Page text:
Act 2: During their final destination, the Enterprise tows a survivor pod from the crashed ship and brings it back to the Enterprise. However, it is immediately damaged by the explosion and the transport vessel is no closer to arriving. At the same time, the ship is struck by the explosion, injuring Dr. Crusher, who is trapped on the ship. The transport vessel is trapped within the rock. The survivor pod is sent to Earth and the two-dimensional creatures are rescued. While the Enterprise is transported to Earth, a small rift begins to appear near their ship, and Lt. Data (Brent Spiner) determines the crew is trapped, and attempts to warn them that they cannot leave until they have determined what is really going on. The Enterprise is attacked by four aliens, each of whom has joined the ship and was previously a part of a previous mission when the ship crashed into a harsh, unidentified debris field. Data determines that all the aliens were part of a single alien lifeform, the first alien encountered at a different time. The Enterprise crew tries to send the message to the aliens that they are crew members of a larger crew, but they find the ship has fired on them, straining the hull to solidify the debris, causing the Enterprise to move out of phase with them. In order to avoid collision with the Enterprise, they modify a thruster to move the Enterprise backwards, though the thruster's sweep forces the Enterprise back into phase, with the two creatures trapped inside the rock. The creatures fire upon the Enterprise, and then attack the crew with torpedoes.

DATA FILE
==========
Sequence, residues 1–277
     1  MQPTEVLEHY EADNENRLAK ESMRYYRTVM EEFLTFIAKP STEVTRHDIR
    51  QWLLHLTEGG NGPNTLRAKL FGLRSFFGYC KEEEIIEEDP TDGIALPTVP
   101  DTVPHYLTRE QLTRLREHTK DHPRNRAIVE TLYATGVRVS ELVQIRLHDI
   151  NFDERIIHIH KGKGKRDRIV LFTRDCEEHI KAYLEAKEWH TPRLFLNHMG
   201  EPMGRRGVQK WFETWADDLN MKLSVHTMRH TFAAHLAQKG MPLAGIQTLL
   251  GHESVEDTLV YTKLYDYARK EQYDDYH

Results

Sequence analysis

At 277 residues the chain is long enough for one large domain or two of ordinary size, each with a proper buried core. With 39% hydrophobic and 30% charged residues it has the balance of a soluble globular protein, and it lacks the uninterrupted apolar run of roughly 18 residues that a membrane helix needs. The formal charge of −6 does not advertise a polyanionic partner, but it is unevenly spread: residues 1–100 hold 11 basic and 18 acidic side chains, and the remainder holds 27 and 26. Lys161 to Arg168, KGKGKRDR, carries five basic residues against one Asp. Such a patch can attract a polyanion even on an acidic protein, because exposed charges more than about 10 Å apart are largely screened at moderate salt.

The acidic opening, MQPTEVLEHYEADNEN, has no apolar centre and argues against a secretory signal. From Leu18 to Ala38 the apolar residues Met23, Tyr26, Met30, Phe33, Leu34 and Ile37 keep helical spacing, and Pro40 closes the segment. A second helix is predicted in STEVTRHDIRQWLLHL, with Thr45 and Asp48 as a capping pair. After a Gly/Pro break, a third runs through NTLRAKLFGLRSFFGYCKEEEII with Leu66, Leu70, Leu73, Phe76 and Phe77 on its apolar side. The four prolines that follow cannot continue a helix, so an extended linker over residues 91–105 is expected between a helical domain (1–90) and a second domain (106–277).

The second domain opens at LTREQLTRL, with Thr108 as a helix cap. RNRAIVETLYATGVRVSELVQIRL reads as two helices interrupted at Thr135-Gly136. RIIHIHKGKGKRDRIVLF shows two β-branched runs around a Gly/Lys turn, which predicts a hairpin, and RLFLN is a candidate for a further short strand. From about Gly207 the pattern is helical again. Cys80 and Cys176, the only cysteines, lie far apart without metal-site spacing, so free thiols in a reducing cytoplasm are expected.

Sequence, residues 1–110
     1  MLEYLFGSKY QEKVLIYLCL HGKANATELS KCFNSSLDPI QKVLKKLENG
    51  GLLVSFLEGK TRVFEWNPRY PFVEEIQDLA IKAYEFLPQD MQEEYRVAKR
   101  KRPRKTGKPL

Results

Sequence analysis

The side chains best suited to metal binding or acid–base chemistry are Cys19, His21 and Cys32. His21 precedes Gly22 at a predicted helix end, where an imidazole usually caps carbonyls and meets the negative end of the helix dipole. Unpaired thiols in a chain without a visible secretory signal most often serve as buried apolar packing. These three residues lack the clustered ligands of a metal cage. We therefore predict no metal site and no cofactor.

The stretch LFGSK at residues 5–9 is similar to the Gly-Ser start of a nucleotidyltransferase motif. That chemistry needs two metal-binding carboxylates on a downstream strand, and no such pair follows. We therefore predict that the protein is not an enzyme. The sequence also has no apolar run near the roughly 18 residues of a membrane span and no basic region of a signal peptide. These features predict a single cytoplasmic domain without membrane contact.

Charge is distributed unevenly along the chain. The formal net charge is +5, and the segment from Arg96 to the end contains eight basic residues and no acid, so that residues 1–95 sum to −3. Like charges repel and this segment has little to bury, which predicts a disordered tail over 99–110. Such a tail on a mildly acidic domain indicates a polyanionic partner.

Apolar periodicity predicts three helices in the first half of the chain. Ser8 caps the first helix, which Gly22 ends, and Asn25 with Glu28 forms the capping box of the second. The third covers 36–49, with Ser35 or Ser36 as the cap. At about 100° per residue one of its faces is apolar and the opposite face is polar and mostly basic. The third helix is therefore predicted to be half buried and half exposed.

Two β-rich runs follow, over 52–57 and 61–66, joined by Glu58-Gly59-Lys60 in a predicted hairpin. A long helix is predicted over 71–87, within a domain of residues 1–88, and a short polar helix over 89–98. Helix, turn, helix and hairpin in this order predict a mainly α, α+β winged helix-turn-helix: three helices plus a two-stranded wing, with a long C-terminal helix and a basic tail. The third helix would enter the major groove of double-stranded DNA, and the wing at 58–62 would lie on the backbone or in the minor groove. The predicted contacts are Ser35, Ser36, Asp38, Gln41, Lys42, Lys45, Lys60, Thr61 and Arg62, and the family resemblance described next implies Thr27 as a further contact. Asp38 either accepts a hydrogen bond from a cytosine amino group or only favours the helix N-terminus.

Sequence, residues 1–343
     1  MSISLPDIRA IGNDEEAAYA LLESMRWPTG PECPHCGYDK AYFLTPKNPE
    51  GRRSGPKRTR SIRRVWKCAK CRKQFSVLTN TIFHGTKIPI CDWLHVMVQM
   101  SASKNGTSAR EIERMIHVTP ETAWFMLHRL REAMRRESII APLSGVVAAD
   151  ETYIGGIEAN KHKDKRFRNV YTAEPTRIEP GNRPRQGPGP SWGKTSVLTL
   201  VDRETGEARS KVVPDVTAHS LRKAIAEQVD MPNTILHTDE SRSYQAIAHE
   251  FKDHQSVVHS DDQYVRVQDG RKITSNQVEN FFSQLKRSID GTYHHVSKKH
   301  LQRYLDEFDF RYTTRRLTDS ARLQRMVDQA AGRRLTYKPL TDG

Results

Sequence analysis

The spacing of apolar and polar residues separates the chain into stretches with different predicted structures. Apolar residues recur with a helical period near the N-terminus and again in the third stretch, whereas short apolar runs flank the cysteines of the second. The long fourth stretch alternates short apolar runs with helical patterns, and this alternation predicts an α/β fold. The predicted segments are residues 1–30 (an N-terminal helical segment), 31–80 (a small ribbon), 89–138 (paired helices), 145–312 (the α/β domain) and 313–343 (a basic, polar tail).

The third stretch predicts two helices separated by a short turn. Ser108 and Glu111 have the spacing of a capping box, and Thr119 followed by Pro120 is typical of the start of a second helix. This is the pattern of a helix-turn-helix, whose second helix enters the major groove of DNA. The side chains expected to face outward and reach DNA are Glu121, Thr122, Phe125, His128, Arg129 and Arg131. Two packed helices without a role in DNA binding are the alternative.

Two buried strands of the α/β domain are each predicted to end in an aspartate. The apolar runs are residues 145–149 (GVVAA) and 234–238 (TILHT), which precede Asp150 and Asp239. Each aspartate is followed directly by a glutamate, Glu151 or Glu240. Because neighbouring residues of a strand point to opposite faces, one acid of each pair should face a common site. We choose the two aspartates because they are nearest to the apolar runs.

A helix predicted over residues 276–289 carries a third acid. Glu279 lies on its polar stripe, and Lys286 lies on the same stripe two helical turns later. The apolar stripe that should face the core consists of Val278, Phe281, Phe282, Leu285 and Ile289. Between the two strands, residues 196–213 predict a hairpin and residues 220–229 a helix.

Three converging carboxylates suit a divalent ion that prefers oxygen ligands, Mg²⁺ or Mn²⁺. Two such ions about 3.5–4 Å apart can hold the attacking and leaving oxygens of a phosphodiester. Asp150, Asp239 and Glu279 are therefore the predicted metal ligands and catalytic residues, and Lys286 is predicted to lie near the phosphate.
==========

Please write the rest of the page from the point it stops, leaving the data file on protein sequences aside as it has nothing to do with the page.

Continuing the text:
Act 3: The survivor pod is then beamed to the Enterprise, where Dr. Crusher is sent to investigate, having recovered the ship's last communication from the crew. The ship is contacted by a survivor pod, who informs Data of her late wife's death. He explains that her last memory was of the ship's first officer, and that her family is very close, but that everyone else was too afraid to talk to her and suffered as a result of her husband's death. She tells her story to help him find the reason behind her disappearance. He sends her back to the Enterprise, where she meets with the senior staff, explaining that he and his girlfriend, Lauren G. Taylor, are all humans, and they have all had common experiences in life; however, her experiences were short-term and were likely to pass before they were apart, and the crew is afraid to say goodbye to those close to her. At the ready, Lwaxana reports to the senior staff, prompting them to transport them safely back to the Enterprise, where Lwaxana is informed that Lwaxana's parents, Thomas and Lore (named later in the episode), are both dead and live. Lwaxana explains that her parents are "the same people" but were not killed in the same accident. The senior staff debate terminating the relationship, but Lwaxana's parents, Lore and Tumak (seen for their first time), decide that it is best for Lwaxana to tell the truth, even though both are very afraid to say goodbye to those close to her. A distraught Lwaxana asks the senior staff to discuss their current predicament, and the staff agrees to discuss the issue.
Which in all fairness is a good example of some of the issues with GPT2. A lot of pronoun references to vague (or non existent) (or gender non-agreeing) targets. But you do get a bit of a story- and there is usually some goofball thing in the story that is good for a chuckle.